Birding in Florida

Florida is a birder's and wildlife watcher’s paradise, thanks to its diversity of habitats, its location on migration routes, the extent of its remaining wild lands and its geographic span of both temperate and subtropical climates. From pinewoods and maritime hammocks, to swamps, salt marshes and beaches, Florida’s public and private lands support vital breeding, overwintering, resting and refueling sites for more than 500 bird species and other wildlife, many of which occur nowhere else in the United States. It’s no wonder that Florida is the number one wildlife viewing destination in North America.

Countless wading birds, shorebirds and waterfowl depend on Florida’s 7,800 lakes, 1,200 miles of coastline, 825 miles of beaches and 11,000 miles of waterways, not to mention the vast wetlands of the Everglades and riparian systems like the St. Johns, Suwannee and Blackwater Rivers. Florida’s forests, including oak and sabal palm hammocks, longleaf and slash pine flatwoods and the Keys’ tropical hardwoods shelter a myriad of migratory and resident songbirds, woodpeckers and raptors. Fire-dependent oak and pine scrub supports Florida’s only truly endemic bird species, the Florida Scrub-Jay. Wet and dry prairies are home to grassland specialties such as Florida Sandhill Crane, Crested Caracara, Florida Burrowing Owl and the Florida Grasshopper Sparrow. In addition, Florida’s proximity to the Caribbean ensures that tropical strays like Loggerhead Kingbird and Thick-billed Vireo make their way onto birders’ life lists. Each winter, Florida also regularly hosts numerous vagrants from the western U.S. and Canada such as Rufous Hummingbird, Groove-billed Ani and Green-tailed Towhee. No matter which part of the state you visit to go birding, you are sure to find a treasure trove of avian wonders!

The Great Florida Birding and Wildlife Trail makes it easy for all birders– both casual and expert, local and tourist– to find new and productive birding sites throughout our state. Trail guide booklets describe what species to expect at each site and what kind of experience each offers: a quick stop versus an all day hike, or a driving loop versus a foot-access only property.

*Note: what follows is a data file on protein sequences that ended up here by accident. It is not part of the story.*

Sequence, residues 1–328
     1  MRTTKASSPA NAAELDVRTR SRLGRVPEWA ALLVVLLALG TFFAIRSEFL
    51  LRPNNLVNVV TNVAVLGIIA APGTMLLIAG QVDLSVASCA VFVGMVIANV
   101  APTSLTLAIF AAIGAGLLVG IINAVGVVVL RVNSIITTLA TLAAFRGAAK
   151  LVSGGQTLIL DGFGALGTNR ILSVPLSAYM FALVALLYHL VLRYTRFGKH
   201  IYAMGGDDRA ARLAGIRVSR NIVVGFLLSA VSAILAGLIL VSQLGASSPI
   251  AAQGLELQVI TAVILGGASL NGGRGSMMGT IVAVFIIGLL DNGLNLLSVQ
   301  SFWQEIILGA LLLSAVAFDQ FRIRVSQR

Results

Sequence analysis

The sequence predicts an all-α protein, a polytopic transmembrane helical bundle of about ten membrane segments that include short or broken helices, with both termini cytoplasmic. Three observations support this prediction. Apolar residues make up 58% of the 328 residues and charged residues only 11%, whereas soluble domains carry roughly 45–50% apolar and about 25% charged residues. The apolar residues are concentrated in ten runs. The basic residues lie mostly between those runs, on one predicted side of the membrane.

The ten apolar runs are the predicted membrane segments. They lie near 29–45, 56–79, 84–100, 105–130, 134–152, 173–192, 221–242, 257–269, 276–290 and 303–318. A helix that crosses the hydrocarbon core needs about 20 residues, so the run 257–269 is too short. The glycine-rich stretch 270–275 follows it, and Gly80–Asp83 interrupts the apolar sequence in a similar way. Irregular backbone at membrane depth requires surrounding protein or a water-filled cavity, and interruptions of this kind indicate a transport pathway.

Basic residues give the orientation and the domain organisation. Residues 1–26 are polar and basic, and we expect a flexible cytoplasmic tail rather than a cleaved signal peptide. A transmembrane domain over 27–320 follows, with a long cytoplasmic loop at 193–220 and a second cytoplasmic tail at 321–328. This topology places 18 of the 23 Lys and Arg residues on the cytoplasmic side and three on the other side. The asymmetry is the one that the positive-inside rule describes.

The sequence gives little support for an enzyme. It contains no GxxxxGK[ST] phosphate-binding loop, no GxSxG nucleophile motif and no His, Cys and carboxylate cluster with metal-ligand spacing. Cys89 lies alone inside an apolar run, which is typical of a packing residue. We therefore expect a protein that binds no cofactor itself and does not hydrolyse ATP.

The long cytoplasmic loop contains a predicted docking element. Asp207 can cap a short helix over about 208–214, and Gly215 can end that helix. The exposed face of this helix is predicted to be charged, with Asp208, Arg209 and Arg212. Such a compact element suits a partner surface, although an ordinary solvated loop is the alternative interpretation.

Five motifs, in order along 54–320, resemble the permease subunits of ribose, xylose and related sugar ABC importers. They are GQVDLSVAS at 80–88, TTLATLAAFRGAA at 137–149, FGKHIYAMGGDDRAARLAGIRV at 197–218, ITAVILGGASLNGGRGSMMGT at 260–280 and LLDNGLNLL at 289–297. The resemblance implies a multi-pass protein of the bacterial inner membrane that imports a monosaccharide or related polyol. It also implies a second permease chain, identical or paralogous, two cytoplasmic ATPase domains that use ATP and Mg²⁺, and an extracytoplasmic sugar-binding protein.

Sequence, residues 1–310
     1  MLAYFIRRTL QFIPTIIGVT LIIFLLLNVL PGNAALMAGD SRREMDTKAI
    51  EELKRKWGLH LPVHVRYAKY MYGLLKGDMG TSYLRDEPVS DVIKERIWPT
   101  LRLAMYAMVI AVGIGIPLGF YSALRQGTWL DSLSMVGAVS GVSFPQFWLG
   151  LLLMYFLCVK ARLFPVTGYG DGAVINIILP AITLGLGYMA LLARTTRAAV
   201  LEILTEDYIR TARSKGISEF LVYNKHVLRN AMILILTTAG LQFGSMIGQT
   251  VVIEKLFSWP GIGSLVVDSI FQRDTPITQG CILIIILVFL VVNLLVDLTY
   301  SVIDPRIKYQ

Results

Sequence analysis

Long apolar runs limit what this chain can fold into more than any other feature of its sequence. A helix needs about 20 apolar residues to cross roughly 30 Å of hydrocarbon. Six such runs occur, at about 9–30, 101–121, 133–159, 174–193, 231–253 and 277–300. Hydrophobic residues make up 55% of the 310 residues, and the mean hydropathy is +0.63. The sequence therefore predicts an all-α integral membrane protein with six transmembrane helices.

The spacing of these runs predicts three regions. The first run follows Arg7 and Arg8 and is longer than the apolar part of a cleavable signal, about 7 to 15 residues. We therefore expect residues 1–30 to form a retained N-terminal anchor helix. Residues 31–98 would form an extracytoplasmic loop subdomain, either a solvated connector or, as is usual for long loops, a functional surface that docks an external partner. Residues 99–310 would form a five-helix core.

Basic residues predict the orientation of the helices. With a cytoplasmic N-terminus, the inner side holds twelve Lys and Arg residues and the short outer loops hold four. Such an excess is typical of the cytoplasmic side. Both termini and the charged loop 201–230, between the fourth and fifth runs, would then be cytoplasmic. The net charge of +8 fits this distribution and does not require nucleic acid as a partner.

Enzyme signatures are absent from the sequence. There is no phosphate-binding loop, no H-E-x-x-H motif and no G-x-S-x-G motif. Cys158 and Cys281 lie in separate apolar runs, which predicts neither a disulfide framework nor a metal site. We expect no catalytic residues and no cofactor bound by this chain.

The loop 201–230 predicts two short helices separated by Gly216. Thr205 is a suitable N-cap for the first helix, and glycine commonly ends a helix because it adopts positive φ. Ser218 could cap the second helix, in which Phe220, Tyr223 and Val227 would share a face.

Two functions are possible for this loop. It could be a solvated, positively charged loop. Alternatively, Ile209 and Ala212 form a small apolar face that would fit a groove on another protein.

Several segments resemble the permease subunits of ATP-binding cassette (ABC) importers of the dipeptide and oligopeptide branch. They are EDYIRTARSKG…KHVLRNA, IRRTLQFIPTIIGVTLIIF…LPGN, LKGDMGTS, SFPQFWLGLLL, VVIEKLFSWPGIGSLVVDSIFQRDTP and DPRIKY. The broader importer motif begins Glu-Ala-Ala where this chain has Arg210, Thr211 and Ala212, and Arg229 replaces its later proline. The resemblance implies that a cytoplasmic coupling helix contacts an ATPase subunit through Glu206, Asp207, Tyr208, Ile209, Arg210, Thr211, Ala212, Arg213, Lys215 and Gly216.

SO WHAT ARE YOU WAITING FOR!? Birding in Florida will take you places you could never imagine still exist in our ever-developing state. Get out there and enjoy a gorgeous day watching birds!

Getting Started
  • If you're a beginner or just want a refresher course, the publication Bird Watching Basics is available online (in English and Spanish versions). Information on binoculars, bird identification, field guides and more will get you started out on the right foot.
  • Check out the Florida Fish and Wildlife Conservation Commission's Wings Over Florida program. Birding certificates are awarded at five achievement levels based on the number of Florida species identified. A current checklist of Florida’s birds is available for you to print off and submit.
  • Are you a county lister? Or do you just need to learn your Florida counties? Here's a map with all the counties labeled.
  • Need optics? GFBWT-approved binoculars are available through the Wildlife Foundation of Florida, and loaner optics can be checked out for a day at gateways and selected GFBWT locations.
Further Reading